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Transcriptome and metabolome profiling identify factors potentially involved in pro-vitamin A accumulation in cassava landraces
Friday, 2023/09/22 | 07:10:49

Priscilla OlayideErik AlexanderssonOren TzfadiaMarit LenmanAndreas GiselLivia Stavolone

Plant Physiol Biochem.; 2023 Jun; 199:107713. doi: 10.1016/j.plaphy.2023.107713.


Cassava (Manihot esculenta Crantz) is a predominant food security crop in several developing countries. Its storage roots, rich in carbohydrate, are deficient in essential micronutrients, including provitamin A carotenoids. Increasing carotenoid content in cassava storage roots is important to reduce the incidence of vitamin A deficiency, a public health problem in sub-Saharan Africa. However, cassava improvement advances slowly, mainly due to limited information on the molecular factors influencing β-carotene accumulation in cassava. To address this problem, we performed comparative transcriptomic and untargeted metabolic analyses of roots and leaves of eleven African cassava landraces ranging from white to deep yellow colour, to uncover regulators of carotenoid biosynthesis and accumulation with conserved function in yellow cassava roots. Sequence analysis confirmed the presence of a mutation, known to influence β-carotene content, in PSY transcripts of deep yellow but not of pale yellow genotypes. We identified genes and metabolites with expression and accumulation levels significantly associated with β-carotene content. Particularly an increased activity of the abscisic acid catabolism pathway together with a reduced amount of L-carnitine, may be related to the carotenoid pathway flux, higher in yellow than in white storage roots. In fact, NCED_3.1 was specifically expressed at a lower level in all yellow genotypes suggesting that it could be a potential target for increasing carotenoid accumulation in cassava. These results expand the knowledge on metabolite compositions and molecular mechanisms influencing carotenoid biosynthesis and accumulation in cassava and provide novel information for biotechnological applications and genetic improvement of cassava with high nutritional values.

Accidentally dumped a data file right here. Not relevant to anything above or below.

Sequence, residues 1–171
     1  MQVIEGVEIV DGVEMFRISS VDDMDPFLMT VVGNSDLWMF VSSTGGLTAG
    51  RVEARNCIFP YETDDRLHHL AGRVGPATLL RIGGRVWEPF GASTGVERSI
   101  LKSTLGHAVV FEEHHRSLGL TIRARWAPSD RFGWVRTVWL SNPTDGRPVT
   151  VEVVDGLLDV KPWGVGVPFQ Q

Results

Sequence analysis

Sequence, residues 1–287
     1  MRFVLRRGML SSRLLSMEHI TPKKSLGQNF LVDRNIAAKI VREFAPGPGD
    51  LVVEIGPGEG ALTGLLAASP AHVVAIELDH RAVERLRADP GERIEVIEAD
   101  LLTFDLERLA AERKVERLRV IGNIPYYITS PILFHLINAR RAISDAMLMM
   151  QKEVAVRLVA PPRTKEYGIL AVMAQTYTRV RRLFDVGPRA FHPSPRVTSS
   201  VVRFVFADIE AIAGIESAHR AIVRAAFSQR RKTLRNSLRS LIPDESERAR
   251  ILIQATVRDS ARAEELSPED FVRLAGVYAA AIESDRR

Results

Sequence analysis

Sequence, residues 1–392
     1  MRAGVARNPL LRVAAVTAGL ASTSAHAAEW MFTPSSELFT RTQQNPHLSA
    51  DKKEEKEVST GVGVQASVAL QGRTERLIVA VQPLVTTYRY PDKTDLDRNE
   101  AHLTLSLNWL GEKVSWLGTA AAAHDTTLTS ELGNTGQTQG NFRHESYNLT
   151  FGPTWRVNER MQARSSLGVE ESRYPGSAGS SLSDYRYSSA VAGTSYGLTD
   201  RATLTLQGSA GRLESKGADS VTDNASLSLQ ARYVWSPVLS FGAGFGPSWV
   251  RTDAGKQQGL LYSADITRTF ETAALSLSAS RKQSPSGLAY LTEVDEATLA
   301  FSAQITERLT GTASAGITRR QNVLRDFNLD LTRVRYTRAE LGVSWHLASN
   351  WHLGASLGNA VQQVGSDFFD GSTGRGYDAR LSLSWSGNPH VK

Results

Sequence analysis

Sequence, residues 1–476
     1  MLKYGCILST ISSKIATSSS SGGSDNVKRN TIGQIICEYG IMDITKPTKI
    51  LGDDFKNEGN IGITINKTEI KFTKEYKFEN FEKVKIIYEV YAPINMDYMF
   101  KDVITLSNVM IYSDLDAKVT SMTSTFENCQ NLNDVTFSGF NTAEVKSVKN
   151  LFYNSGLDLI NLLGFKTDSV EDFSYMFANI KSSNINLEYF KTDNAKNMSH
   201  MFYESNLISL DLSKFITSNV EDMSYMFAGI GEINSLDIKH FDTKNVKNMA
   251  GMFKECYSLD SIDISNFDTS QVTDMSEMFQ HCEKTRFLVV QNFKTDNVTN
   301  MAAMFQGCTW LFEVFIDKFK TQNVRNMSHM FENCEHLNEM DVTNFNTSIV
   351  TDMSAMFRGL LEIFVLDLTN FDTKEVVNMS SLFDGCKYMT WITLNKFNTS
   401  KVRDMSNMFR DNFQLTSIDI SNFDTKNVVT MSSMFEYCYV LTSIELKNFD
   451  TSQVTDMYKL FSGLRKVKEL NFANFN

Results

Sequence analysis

See https://pubmed.ncbi.nlm.nih.gov/37126903/ or https://www.sciencedirect.com/science/article/pii/S0981942823002243?via%3Dihub


Fig. 3. Expression of carotenoid pathway genes in leaves and roots. (A) Principal components Biplot analysis of the significantly expressed genes in leaves (left panel) and roots (right panel). The separation between genotypes is visualized with PC1 vs PC2 (B) Heatmap of the significantly expressed genes in leaves and roots. Columns (genotypes) are ordered from left to right by increasing β -carotene content in roots. Rows (genes) are ordered from top to bottom according to the pathway sequence.


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